Katie Conlon (Palestine)

Katie is a student in the Honors Tutorial College at Ohio University in Athens, Ohio, pursuing a BA in History and a certificate in Law, Justice & Culture. She first became interested in issues of transitional justice in 2013 after a week-long study abroad to Northern Ireland. She spent the summer of 2014 conducting research in Cambodia about the experience of the Cham Muslim minority in the Khmer Rouge Tribunal. She has studied Arabic for two years and focuses her studies on issues of gender and law in the Middle East. After the fellowship, she wrote: "The fellowship has definitely reinforced and changed my ability to adapt to new environments and given me a better idea about the kind of work environment I want to work in when I graduate." Contact: kconlon@advocacynet.org



We Will Return

10 Sep

As I prepared to leave Palestine just over a week ago, I said goodbye to the people I had gotten to know over the past few months. I made my journey home with these final goodbyes on my mind, sad to be leaving, but looking forward to returning home.

For me, there is no greater feeling that the comfort of returning home after a long time away. No matter how much I fall in love with every new place I visit, I’m always happy to be back with my family and friends in a familiar environment.As much as I love that feeling, I know that for millions of Palestinians, that feeling may never come. Palestinian displaced in 1948,  refugees displaced by subsequent wars, and their descendants have no right to return to their homes.

Jews have had the right to return to the state of Israel since 1950. The Law of Return applies to most people with Jewish ancestry as well as most converts to Judaism. However, as the state of Israel continues to encourage and actively seek out Jewish immigrants to Israel, Palestinians are denied the right to return to their land. The Israeli government has a history of staging large-scale operations to bring Jews back to Israel. Operation On the Wings of Eagles (nicknamed “Operation Magic Carpet”) brought nearly 50,000 Yemeni Jews to the newly created state in 1949 and 1950. Two similar operations were organized to bring Ethiopian Jews to Israel in 1984 (Operation Moses) and 1991 (Operation Solomon). Non-governmental organizations such as the Jewish National Fund actively seek out “lost” groups of Jews from around the world in places such as India. These policies have brought millions to settle in Israel, often on land beyond the Green Line taken from Palestinian territory in the West Bank.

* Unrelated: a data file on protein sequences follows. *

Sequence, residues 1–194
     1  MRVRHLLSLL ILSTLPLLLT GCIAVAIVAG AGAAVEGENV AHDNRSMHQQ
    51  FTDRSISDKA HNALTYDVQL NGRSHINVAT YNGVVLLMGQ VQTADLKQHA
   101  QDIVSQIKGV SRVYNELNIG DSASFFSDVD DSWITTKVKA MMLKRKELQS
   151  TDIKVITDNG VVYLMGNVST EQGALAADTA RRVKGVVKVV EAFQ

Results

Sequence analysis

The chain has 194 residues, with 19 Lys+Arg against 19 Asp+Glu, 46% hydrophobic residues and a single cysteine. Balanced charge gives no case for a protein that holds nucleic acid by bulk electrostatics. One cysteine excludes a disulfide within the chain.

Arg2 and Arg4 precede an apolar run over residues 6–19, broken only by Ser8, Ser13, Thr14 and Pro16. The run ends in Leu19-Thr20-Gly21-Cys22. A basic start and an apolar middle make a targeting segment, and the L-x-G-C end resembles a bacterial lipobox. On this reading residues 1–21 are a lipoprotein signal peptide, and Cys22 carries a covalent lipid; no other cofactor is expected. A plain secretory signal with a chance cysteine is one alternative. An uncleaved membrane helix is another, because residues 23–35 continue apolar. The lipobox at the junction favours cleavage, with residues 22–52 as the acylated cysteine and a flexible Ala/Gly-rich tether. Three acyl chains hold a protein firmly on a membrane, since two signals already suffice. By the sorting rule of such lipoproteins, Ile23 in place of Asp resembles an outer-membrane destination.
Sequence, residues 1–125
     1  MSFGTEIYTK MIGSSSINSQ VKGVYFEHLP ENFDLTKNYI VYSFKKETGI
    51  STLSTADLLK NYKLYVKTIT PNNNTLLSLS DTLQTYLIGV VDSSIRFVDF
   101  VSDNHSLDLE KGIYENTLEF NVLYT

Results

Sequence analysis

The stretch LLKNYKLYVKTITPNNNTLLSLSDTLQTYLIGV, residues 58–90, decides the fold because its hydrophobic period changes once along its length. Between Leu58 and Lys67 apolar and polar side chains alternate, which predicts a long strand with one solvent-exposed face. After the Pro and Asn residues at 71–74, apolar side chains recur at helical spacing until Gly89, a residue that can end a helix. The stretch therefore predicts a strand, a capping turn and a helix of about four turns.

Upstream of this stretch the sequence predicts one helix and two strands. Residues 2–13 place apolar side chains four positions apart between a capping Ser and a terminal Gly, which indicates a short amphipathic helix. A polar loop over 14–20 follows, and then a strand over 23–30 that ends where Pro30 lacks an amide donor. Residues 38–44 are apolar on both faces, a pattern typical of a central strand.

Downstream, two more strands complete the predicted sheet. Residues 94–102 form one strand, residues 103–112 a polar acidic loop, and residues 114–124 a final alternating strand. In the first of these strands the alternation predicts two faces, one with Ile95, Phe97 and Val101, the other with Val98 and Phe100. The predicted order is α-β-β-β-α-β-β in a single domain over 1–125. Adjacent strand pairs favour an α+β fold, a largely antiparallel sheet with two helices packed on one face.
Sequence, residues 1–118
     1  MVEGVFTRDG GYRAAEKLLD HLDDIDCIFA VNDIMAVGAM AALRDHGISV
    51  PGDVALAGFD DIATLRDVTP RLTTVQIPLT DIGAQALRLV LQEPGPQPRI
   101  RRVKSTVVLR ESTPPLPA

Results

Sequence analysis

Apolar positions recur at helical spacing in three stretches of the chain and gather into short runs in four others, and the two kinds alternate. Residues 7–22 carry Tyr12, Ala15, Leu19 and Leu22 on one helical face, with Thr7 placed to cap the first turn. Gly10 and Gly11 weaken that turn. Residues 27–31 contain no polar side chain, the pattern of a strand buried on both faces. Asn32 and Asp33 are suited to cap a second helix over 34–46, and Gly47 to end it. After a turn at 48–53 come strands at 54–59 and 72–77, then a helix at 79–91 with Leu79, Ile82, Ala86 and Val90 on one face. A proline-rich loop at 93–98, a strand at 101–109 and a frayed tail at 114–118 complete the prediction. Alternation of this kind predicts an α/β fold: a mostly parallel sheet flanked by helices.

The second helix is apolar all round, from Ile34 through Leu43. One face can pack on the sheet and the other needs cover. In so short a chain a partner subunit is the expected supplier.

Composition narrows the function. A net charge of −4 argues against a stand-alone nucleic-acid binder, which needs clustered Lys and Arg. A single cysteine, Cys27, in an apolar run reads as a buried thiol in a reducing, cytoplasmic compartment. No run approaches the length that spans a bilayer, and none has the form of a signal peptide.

Some see the implementation of Palestinian right of return as fundamental to reigniting the peace process and resolving the conflict. The right of return and right to self-determination are largely agreed to be the foundational issues of the 67-year struggle of the Palestinians. For refugees in surrounding Arab states or Palestinians in the diaspora, the right of return is the promise of coming home. It is also something they are not willing to give up.

A key is used as a symbol of Palestinian right of return. The key is a symbol of mementos taken by those who were forced to leave their homes, especially the generation of al-Nakba, many of whom left with nothing but the keys to their home, hoping they would be able to return in a matter of days. Paintings and statues of the Key of Return can be found all over Palestine, most famously at the entrance to Aida Refugee Camp in Bethlehem. The key is often inscribed with the Arabic حتما سنعود “we will return” or عائدون“returning.”

These phrases are messages of resistance and hope – resistance to the occupation of Palestinian homes and land and hope for the ability to one day have a home once again.

Posted By Katie Conlon (Palestine)

Posted Sep 10th, 2015

1 Comment

  • Herbert Parsons

    October 16, 2015

     

    Katie, after a long absence I was able to catch with your blogs and their gentle strength. You conveyed a broad range of experiences and impressions. Thank you.
    Herb Parsons

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